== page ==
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Doctors reluctant to reduce medication even when blood sugar may be dangerously low

Patients aged over 70 years with low blood sugar or blood pressure are being overtreated because clinicians are reluctant to alter their medication.

Older patients with diabetes whose blood sugar or blood pressure may be dangerously low are being overtreated because clinicians are reluctant to change their medication. In the image, a doctor speaks with an elderly female patient

Source: Phanie / Alamy Stock Photo

Stopping a patient’s medication requires a change in how clinicians explain treatment, with a greater focus on the balance of risks and benefits 

Older patients with diabetes whose blood sugar or blood pressure (BP) may be dangerously low are being overtreated because clinicians are reluctant to change medication in this group of patients, according to the results of two studies published in JAMA Internal Medicine[1].

Both studies focused on patients aged over 70 years with type 1 or type 2 diabetes whose blood sugar and BP were controlled with medication.

In the first study, researchers from the University of Michigan, Ann Arbor, analysed the records of 211,667 patients. They found that treatment was “deintensified” in 18.8% of patients identified with very low BP (defined as less than 120/65mmHg) and 16.0% of patients with moderately low BP (systolic BP 120-129mmHg or diastolic BP less than 65mmHg). In patients with very low BP whose medication remained the same, only 0.2% had raised BP at a follow-up check.

Some 20.9% of patients whose HbA1c levels were moderately low had their treatment changed or stopped, as did 27.0% of those who were categorised as having very low HbA1c levels (defined as between 6.0% and 6.4% and less than 6.0%, respectively). Of those patients who had very low levels but whose medication was not changed or stopped, less than 0.8% had raised levels at follow up.

The researchers describe their findings as a “lost opportunity to reduce overtreatment”, and say that practice guidelines and performance measures should place more focus on reducing overtreatment through deintensification.

Victoria Ruszala, specialist pharmacist in diabetes and endocrinology at North Bristol NHS Trust, who was not involved in the research, says the paper highlights the need to treat older patients in the same way as younger patients.

“This is an important point to make,” says Ruszala. “This is about being pragmatic and saying there is nothing wrong with taking away their medicines to make them safer.”

Ruszala adds that the paper is useful because it delivers hard data. “Working in secondary care we see [overtreatment] all the time and now they have come up with the figures,” she says. “What that does is give people the confidence to deintensify treatment – that that is a valid treatment choice.”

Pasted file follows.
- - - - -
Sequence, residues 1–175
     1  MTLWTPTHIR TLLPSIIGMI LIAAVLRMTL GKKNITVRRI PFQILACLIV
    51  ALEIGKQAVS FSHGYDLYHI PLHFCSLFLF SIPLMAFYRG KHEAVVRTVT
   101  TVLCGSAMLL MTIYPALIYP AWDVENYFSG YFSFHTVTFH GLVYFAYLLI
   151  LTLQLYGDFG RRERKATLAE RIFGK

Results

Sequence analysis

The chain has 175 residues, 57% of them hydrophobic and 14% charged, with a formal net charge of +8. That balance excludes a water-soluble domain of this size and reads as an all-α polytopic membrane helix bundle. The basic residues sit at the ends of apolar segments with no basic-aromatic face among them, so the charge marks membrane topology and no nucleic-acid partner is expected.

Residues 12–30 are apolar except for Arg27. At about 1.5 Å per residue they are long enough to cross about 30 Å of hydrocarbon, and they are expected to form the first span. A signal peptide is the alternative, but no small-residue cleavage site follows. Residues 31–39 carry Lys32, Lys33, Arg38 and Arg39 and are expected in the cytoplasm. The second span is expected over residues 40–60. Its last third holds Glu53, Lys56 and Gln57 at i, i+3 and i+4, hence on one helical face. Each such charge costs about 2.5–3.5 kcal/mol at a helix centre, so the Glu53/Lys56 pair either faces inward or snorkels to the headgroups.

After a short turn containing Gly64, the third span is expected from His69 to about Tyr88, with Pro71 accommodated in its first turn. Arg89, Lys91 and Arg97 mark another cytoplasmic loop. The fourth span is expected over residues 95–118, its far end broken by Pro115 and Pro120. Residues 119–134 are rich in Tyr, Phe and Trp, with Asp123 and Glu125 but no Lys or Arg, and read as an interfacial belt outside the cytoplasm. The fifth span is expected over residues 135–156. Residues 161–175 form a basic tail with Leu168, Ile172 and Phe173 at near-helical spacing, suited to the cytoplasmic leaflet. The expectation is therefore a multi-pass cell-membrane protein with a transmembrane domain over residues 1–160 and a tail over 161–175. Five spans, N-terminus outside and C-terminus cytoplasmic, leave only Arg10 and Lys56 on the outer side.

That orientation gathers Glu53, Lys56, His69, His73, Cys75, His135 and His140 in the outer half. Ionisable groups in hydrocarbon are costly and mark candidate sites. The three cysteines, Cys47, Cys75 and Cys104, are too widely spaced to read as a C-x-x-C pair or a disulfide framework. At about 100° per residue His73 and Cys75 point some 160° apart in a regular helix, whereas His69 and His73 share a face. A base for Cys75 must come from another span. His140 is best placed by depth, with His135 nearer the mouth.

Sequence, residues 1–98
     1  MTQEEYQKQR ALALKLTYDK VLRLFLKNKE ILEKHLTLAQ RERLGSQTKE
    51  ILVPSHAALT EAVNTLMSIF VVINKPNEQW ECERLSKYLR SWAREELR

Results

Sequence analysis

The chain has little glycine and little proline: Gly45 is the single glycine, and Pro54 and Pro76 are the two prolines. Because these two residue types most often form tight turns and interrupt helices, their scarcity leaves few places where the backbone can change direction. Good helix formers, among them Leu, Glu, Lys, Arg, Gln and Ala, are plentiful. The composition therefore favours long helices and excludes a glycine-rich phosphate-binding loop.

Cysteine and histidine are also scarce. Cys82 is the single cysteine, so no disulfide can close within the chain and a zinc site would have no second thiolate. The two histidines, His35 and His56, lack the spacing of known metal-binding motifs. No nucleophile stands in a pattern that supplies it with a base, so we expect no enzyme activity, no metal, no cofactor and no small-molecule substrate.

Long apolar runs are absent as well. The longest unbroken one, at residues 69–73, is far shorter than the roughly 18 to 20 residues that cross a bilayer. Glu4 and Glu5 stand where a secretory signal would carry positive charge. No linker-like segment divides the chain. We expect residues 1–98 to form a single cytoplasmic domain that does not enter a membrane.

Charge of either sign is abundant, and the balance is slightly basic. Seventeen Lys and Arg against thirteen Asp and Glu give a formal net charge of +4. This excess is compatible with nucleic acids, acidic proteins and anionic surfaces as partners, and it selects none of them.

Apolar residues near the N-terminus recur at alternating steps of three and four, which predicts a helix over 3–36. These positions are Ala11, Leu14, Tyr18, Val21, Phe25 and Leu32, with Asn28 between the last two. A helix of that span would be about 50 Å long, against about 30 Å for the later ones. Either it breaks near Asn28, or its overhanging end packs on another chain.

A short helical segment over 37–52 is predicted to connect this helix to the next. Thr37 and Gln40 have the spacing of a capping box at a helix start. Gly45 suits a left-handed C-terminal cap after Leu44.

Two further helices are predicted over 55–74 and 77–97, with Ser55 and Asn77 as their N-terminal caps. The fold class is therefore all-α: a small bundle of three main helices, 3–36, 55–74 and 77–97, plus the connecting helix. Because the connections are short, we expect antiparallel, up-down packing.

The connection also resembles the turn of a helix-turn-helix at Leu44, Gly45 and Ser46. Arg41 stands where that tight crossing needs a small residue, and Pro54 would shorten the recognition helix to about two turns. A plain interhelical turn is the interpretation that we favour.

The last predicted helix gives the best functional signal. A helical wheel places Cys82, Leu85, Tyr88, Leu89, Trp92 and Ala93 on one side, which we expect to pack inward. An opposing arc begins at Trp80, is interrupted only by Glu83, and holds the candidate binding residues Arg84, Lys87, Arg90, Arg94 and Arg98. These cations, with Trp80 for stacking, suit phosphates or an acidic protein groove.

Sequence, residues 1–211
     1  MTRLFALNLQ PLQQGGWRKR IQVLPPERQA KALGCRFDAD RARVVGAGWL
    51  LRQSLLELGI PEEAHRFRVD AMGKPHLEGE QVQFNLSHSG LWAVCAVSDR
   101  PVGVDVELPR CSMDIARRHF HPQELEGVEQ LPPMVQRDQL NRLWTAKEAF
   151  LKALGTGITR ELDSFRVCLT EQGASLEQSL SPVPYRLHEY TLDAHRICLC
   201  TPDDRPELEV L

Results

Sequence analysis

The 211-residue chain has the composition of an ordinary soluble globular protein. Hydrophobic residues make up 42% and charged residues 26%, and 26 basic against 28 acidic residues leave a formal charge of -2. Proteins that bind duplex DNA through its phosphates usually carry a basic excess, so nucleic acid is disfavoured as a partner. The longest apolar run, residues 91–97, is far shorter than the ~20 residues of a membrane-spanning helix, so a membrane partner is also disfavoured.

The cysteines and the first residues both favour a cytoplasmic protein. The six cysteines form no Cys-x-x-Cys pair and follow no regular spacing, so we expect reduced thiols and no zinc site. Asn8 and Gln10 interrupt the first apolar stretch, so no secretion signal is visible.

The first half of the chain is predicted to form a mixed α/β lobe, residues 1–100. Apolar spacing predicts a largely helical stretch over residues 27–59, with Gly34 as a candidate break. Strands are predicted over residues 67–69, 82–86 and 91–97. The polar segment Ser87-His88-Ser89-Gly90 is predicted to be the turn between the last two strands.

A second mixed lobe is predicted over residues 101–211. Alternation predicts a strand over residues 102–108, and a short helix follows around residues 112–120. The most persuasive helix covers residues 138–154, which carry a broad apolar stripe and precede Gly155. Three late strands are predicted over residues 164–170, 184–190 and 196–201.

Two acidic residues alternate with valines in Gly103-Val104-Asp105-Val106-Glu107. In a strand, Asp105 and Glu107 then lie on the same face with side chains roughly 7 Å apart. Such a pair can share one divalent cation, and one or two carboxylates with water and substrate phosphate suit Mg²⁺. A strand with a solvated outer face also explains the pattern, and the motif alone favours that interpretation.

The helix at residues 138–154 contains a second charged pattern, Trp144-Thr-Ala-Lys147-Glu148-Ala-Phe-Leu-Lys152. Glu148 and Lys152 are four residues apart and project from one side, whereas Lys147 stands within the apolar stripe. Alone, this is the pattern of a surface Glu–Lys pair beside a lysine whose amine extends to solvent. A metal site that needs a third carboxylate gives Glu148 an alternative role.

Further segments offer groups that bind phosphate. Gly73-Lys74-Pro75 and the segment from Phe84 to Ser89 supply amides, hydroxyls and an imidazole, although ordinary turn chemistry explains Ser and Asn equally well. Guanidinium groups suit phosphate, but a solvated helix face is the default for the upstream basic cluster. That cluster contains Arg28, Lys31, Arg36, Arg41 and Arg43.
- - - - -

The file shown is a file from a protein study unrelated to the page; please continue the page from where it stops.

The second study[2] aimed to shed light on why overtreatment happens.

Another team of researchers, also from the University of Michigan, Ann Arbor, sent a survey to 1,222 primary care health professionals including doctors, nurse practitioners and physician assistants, of whom 594 responded.

The clinicians were presented with the hypothetical case study of a 77-year-old patient with chronic type 2 diabetes at high risk for hypoglycaemia (HbA1c level 6.5%; severe kidney disease; and receiving glipizide 10mg twice daily). They were asked a series of questions to determine whether they would consider lowering or abolishing the patient’s medication. Participants were also asked to rate the level of difficulty they would face in following the recommendation to “avoid using medications other than metformin to achieve HbA1c less than 7.5% in most older adults”.

Almost half the participants (44.9%) said they would not worry about potential harm from tight control for an older patient with an HbA1c level of 6.5% who is at high risk for hypoglycaemia. A similar proportion (42.1%) were concerned about missing performance measures if they reduced the glipizide dosage. Nearly one quarter (23.5%) were worried about future liability claims resulting from deintensification of hypoglycaemic medications.

The authors of the first study propose several reasons why a low BP or low HbA1c level had a weak association with deintensification of treatment in this group of patients: stopping a drug requires a shift in how treatment is understood by patients and explained by healthcare professionals. “It requires a transition from a simplistic focus on ‘one size fits all’ to the more nuanced balancing of risks and benefits,” they say.

Clinical uncertainty about the reliability of a single BP and HbA1c measurement and unwillingness to risk under-treatment may also influence decisions around deintensification.

“Until guidelines and performance measures specifically call for deintensification for patients who are at risk of being harmed by overtreatment, rates are likely to remain low,” the researchers conclude.

Citation: The Pharmaceutical Journal DOI: 10.1211/PJ.2015.20200015

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